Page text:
Two years ago, an IT World Canada reporter ordered TalkBroadband, which is Primus Canada’s voice over IP service for residential customers with broadband Internet connections. The reporter ordered TalkBroadband for personal use and it was not part of a product review.

After he ordered his service in October, 2008, Primus said it would send the reporter his modem on a Friday. So the reporter took a vacation day to wait at home but the modem did not arrive. The reporter then called on Tuesday to find out Primus had not even sent his router. When he asked to cancel his order, Primus billed him for a month of service.

When told about this experience, Lorenz said he handles the business side rather than the residential side.

“That’s unfortunate,” Lorenz said of the reporter’s experience. “We get thousands of orders on a weekly basis. These things can happen but I wouldn’t say they’re a regular occurrence by any means. I’ve heard as many instances of wonderful service.”

Virtual managed machine

On the business side, Primus’s data services could be classified as cloud computing, but Lorenz noted the term cloud means different things to different people.

“We intentionally did not call our products cloud computing,” he said. “We call it virtual managed machine.” This, he said, includes virtual machine software from VMware Inc. loaded on to hardware from Hewlett Packard Development Co. LP.

Virtualization can increase the utilization for each server, but Lorenz said this does not always decrease the total number of servers used.

“There was some talk about virtualization reducing the need for server space,” Lorenz said. “My personal experience at Primus is that’s not true. The ability to do things efficiently will mean people will do more things.”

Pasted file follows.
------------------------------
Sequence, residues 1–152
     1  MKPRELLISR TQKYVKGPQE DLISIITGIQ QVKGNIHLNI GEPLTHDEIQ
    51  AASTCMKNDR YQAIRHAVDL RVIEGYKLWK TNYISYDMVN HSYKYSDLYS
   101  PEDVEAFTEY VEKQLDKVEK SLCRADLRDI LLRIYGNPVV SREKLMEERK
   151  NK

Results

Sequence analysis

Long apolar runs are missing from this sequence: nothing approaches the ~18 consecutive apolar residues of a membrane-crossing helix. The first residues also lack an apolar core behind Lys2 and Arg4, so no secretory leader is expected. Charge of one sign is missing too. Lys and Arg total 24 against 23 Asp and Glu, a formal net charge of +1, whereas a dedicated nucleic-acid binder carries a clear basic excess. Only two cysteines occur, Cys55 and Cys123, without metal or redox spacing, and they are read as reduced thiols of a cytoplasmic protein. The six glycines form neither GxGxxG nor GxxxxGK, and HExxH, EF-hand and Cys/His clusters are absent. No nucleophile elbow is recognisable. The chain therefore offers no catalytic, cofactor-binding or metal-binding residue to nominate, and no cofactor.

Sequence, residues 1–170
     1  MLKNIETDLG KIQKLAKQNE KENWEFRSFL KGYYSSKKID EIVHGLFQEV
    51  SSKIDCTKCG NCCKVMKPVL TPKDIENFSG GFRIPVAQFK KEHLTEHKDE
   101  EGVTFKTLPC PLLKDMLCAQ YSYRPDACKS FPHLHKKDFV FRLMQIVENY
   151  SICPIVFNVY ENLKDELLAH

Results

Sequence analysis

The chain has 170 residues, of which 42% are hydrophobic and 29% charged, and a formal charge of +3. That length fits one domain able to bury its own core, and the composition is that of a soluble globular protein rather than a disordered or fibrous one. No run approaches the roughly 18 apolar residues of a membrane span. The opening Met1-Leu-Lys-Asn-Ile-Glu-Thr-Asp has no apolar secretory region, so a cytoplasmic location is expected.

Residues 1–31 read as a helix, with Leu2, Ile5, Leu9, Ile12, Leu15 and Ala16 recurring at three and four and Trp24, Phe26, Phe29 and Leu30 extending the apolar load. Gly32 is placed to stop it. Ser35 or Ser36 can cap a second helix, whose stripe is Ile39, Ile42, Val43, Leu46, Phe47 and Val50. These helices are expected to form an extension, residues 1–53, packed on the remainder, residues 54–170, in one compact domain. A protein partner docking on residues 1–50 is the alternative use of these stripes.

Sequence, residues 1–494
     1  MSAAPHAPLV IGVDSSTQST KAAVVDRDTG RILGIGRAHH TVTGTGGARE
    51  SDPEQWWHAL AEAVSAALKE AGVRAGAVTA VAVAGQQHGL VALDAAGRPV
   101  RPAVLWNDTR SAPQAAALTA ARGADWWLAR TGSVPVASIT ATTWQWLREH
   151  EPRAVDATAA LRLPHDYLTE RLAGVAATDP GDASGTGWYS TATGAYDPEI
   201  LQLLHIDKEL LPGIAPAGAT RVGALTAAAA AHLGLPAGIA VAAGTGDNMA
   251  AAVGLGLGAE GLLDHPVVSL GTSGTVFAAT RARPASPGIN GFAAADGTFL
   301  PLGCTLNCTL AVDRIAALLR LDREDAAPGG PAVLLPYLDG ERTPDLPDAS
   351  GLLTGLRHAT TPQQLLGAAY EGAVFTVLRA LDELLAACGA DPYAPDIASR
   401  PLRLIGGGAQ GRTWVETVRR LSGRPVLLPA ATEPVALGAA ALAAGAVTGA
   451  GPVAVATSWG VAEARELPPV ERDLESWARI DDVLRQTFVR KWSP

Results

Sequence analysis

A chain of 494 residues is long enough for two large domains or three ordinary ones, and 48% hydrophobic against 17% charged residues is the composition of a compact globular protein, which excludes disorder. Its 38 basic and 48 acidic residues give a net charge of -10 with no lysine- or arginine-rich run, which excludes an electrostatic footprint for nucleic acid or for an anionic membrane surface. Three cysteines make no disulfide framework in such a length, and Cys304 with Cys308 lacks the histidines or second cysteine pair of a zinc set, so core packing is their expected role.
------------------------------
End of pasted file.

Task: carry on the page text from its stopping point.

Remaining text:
Foreign ownership

Primus plans to build more network infrastructure in Canada if the federal government allows foreign ownership, but Lorenz did not get into specifics.

“We would build everywhere we can,” he said.

Primus cannot be a “common carrier” as defined by the federal government because the Telecommunications Act requires that 80 per cent of shares be owned by Canadians.

In March, the government announced through the Throne Speech in Parliament that it will relax the foreign ownership rules.


After months of submissions from industry and hearings before the House of Commons Standing Committee on Industry, Science and Technology, Industry Canada asked for feedback from Canadians.


Industry Minister Tony Clement presented three options for foreign ownership: Remove the limits entirely; increase the allowable limit from 20 to 49 per cent; and remove the limits for carriers with less than 10 per cent market share.


“Tony Clement should do everything he can to move this quickly,” Lorenz said. “I think it’s been well stated that as a country we fall well behind the global economy in investment in our communications infrastructure. The real question is how does it benefit the end user? If we can open up our doors to foreign investment, we can provide more technology to more people in the country at rates that they can stomach.”